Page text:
Does Using Long Acting Insulin Increase Cancer Risk?

September 6th, 2011

long acting insulin

According to the FDA, five recent studies of a possible link between insulin glargine (marketed as Lantus long acting insulin) and the growth of cancerous cells have failed to shed more light on the subject. Calling the studies "inconclusive", the FDA said it was continuing to work with the long acting insulin manufacturer, Sanofi-Aventus, to determine whether there is an increased risk of cancer for users of insulin glargine.

The concerns arose because Lantus' ability to act as a long acting insulin arises from its prolonged interaction with the insulin-like growth factor-I receptor (IGF-IR). IGF-IR overactivity has been linked to many types of cancer. That begs the question - could long acting insulin glargine be associated with cancer because of its continual interfacing with IGF-IR?

While the debate about the possible cancer risk associated with long acting insulin continues, the American Diabetes Association, the American Association of Clinical Endocrinologists and two similar European governing bodies are reassuring insulin dependent diabetics that there is no need to change their insulin glargine treatment.

To read more about the controversial long-acting Lantus insulin clinical studies on diabeticlive.com, >CLICK HERE.<

Enhanced Long Acting Insulin to Challenge Lantus

October 4th, 2011

(From Bloomberg Businessweek) Drugs to treat diabetes, mostly injectable insulin, have become a $34 billion annual business crowded with manufacturers of relatively similar products. Novo Nordisk wants to stand out from the pack. Following the example of consumer product companies, the Danish drugmaker is betting that it can add product enhancements to basic insulin and command higher prices in wealthier nations.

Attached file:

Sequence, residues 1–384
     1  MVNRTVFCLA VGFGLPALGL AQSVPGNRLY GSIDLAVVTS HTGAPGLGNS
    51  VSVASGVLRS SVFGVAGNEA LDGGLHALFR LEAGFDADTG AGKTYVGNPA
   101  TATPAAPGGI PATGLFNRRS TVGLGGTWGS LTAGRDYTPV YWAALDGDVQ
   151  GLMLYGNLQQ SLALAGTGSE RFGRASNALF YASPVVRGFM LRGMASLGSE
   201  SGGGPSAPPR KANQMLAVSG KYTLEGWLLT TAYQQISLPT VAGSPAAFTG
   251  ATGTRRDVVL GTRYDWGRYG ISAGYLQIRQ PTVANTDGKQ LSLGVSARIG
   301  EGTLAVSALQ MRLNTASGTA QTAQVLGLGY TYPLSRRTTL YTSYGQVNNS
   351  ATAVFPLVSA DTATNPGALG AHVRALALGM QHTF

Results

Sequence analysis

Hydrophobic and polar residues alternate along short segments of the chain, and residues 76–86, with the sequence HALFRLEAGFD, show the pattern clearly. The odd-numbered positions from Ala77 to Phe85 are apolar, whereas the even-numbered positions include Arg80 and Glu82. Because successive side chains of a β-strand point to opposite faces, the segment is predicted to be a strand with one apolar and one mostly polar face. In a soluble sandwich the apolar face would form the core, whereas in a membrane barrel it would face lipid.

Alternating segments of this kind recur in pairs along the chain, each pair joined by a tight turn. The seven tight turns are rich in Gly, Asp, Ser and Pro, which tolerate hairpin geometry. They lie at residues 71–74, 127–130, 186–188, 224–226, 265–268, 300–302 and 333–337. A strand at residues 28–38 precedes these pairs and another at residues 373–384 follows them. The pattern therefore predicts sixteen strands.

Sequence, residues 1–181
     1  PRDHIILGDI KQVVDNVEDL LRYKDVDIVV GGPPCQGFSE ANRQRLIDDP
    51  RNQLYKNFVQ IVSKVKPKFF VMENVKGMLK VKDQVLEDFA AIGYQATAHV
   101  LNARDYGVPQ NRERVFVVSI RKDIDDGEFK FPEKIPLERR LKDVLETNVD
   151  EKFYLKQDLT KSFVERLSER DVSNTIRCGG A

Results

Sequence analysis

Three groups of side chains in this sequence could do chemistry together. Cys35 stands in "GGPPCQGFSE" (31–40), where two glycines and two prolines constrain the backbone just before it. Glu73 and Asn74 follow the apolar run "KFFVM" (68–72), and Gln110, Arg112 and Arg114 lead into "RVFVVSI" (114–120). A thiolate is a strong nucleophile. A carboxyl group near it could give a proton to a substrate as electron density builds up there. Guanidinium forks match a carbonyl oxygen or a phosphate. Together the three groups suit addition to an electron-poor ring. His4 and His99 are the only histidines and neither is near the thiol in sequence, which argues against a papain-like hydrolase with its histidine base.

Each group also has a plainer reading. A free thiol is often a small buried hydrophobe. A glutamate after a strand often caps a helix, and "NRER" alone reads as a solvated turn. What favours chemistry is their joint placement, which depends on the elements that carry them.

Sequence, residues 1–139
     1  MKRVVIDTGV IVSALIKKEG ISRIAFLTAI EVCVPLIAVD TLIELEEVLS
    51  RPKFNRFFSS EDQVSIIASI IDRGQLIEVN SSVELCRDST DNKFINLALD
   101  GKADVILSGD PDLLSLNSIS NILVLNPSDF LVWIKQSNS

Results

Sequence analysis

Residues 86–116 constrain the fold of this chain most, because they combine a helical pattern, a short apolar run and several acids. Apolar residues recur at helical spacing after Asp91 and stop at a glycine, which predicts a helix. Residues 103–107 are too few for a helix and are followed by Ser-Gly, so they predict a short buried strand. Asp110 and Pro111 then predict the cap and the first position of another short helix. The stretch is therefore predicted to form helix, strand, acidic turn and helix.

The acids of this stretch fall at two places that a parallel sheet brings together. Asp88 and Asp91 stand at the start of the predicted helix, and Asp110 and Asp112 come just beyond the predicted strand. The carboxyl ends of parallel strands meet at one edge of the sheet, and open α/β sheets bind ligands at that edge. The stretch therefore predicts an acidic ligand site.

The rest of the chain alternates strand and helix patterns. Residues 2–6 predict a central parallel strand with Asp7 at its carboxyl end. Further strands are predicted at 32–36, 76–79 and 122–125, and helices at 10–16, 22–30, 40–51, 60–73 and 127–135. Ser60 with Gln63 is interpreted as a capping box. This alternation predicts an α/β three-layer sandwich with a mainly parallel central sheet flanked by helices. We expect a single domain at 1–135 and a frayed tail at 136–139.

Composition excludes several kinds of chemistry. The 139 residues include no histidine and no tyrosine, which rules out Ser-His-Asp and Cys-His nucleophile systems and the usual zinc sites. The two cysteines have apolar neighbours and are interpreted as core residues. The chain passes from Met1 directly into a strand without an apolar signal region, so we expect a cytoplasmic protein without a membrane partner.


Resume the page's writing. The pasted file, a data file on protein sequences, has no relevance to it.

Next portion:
Explains Chief Executive Officer Lars Sørensen, pounding his desk for emphasis: "A country like the US ought to be able to offer people the most modern insulins and not giving them Third World insulins." Novo Nordisk, which gets half its $11.1 billion sales from insulin, this year is seeking U.S. and European regulatory approval for its newest treatment, degludec, in a bid to unseat Sanofi's Lantus as the world's best-selling diabetes medication.

Sørensen says degludec is "the fundamental part" of a strategy to boost Novo Nordisk's sales by shifting patients in developed nations from older, cheaper types of insulin that must be taken just before mealtimes to more expensive chemically altered versions that are absorbed more slowly and act longer.

Degludec's advantage is that it can be administered at any time, providing diabetes patients with greater flexibility, whereas Lantus insulin must be injected at the same time every day, although not necessarily at mealtimes. Trial results presented at a conference in Lisbon in September showed that degludec works as well as Lantus at controlling blood sugar.

To read the full article on Bloomberg Businessweek, >Click here.<